Alaska hospitals take advantage of tech to coordinate care
Editor's note: This article has been updated to correct the spelling of Rachel Lieber's last name and the estimated number of hospitals in Collective Medical's network.
It’s pretty easy for patients to disappear in the labyrinth of the medical system. Alaska’s hospitals are trying to make sure that it’s much harder.
By late August, more than a dozen Alaska hospitals were live on a technology platform run by Collective Medical that allows them to see a patient’s medical history upon arriving at their emergency departments.
That’s somewhat novel; without it, hospitals would have to gather all the information they could from the patient and request any prior information from other emergency rooms and other hospitals to put together a medical history.
“For years, I have worked in emergency departments where there is a book somewhere where there are care plans for our patients,” said Dr. Keri Gardner, the chief medical officer at Alaska Regional Hospital. “That care plan, instead of just being at Alaska Regional, will now be visible to (any hospital in the network).”
Alaska Regional Hospital’s Emergency Department went live on Collective Medical’s platform in early August. It’s easy to use and embedded in the hospital’s electronic medical record system, Gardner said. The providers there recognize the value in being able to see a patient’s recent emergency room visits, prescription history and other records.
Collective Medical, a 10-year-old company with about 1,000 hospitals in its network around the country, collects information from hospitals’ emergency departments and runs it through its platform, sending notifications to emergency departments where a patient is also seen to provide more information. It runs through an HL-7 interface and is Health Insurance Portability and Accountability Act-compliant, said Rachel Lieber, the northwest region manager for Collective Medical.
Beyond the medical side, the system also provides another notification of interest: safety threats. Assaults and threats against emergency department staff happen all over the country, including in Alaska. Lieber said the safety notifications came up fairly early in Collective Medical’s development.
“Knowing how often your staff are facing assault, aggression or violence helps you know what your staff are dealing with in the workplace,” Lieber said.
How a hospital deals with safety issues for staff varies from patient to patient, Gardner said. The safety flags can also help protect other patients. For example, if an incoming patient may be a threat to other people in the emergency room, he or she could be placed in a separate room, she said.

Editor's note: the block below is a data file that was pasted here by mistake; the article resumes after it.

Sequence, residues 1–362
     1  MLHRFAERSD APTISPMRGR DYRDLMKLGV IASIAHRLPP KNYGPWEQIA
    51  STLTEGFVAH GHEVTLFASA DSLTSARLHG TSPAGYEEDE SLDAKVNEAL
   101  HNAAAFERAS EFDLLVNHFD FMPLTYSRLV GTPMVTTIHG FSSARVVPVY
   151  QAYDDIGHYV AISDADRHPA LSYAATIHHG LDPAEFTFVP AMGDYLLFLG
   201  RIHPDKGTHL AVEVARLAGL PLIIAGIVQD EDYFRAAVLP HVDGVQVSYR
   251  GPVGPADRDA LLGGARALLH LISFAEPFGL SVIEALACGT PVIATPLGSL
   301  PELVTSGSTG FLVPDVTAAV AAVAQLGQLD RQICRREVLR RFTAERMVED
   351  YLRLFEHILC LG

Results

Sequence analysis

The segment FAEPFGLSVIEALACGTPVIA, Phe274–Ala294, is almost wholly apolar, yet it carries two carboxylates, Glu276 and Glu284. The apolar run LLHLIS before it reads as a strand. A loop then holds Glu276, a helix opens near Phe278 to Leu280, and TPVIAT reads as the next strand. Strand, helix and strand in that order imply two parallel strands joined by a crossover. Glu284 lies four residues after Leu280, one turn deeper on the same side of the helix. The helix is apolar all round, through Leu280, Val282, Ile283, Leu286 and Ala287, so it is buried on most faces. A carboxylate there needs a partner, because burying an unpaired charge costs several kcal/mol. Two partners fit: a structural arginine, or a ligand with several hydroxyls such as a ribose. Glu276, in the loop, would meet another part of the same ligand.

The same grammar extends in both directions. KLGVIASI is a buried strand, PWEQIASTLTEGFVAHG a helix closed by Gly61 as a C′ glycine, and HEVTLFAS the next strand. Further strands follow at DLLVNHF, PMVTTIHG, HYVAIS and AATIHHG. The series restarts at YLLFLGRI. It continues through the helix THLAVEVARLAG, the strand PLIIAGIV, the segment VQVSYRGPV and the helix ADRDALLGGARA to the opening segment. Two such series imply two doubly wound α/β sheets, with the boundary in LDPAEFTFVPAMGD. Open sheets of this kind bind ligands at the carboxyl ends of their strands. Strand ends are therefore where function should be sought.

“This is a big issue in Anchorage,” she said. “The health care workers who staff emergency departments are at risk. I have personally experienced and personally witnessed injuries to emergency department workers ranging from cuts and bruises to broken bones.”
Gardner pointed to the leadership of the Alaska State Hospital and Nursing Home Association in getting all the hospitals in Alaska to invest in the same platform. Lieber said Collective Medical began working with providers in the state about four years ago, around the same time that ASHNHA began its care coordination initiative.
Care coordination is a key reason for choosing the program, along with improving emergency department utilization, said Becky Hultberg, CEO of ASHNHA. Other hospitals in the network have documented 15 percent decreases in emergency department utilization and 10 percent utilization decreases among frequent emergency department users.
“Along with improving patient care, reducing avoidable hospital admission and readmissions and (streamlining) transition to post-acute care providers are often cited by hospitals as the biggest benefits of using the Collective platform,” Hultberg wrote in an email.
Gardner said another important driver of the program is cost reduction and improved value. Being able to see which procedures and prescriptions a patient has undergone recently may inform care and reduce overutilization, especially on controlled prescription drugs.
Over-utilization of emergency departments at hospitals is a major issue nationally. Emergency services are one of the most expensive ways to receive health care, but studies have shown that some individuals are visiting emergency departments more than a dozen times per year.
Alaska has a handful of these individuals as well, known as “superutilizers,” who are responsible for a major chunk of the emergency room costs annually. In 2016, the top 6 percent of emergency department users accounted for 23.8 percent of the charges, or about $148 million, according to the Alaska Department of Health and Social Services.
Some have suggested one of the reasons individuals may be over-using the emergency departments is that they do not have adequate access to behavioral or primary care services.
The Collective Medical platform works with providers of various specialties and populations, including jail clinics and behavioral health providers, which helps connect different points in the care continuum, Lieber said.
“The emergency room may be the best place to interact with some individuals that are facing housing insecurity or homelessness, or are challenged by mental health disorders or substance abuse,” she said.
“Sometimes the emergency room, while we want to make sure we’re using it appropriately, might also help us start conversations with individuals who may not otherwise have access to a primary care.”
Whether because of health care record privacy laws or because of insular operations, hospitals and health care organizations do not always communicate. An effort like this is helpful, Gardner said.
“It’s unusual to see hospitals working together at this level, and it’s refreshing to see,” she said.
Elizabeth Earl can be reached at [email protected].